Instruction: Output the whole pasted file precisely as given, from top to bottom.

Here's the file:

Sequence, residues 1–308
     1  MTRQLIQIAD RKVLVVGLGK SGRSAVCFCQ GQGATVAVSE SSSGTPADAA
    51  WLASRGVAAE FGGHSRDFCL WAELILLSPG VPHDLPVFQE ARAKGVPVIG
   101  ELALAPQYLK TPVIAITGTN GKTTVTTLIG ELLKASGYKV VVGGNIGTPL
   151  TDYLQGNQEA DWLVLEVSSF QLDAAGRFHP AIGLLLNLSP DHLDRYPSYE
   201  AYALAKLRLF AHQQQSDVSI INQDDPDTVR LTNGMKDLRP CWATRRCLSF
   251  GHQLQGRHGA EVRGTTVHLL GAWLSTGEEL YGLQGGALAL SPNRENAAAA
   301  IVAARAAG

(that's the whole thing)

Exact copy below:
Sequence, residues 1–308
     1  MTRQLIQIAD RKVLVVGLGK SGRSAVCFCQ GQGATVAVSE SSSGTPADAA
    51  WLASRGVAAE FGGHSRDFCL WAELILLSPG VPHDLPVFQE ARAKGVPVIG
   101  ELALAPQYLK TPVIAITGTN GKTTVTTLIG ELLKASGYKV VVGGNIGTPL
   151  TDYLQGNQEA DWLVLEVSSF QLDAAGRFHP AIGLLLNLSP DHLDRYPSYE
   201  AYALAKLRLF AHQQQSDVSI INQDDPDTVR LTNGMKDLRP CWATRRCLSF
   251  GHQLQGRHGA EVRGTTVHLL GAWLSTGEEL YGLQGGALAL SPNRENAAAA
   301  IVAARAAG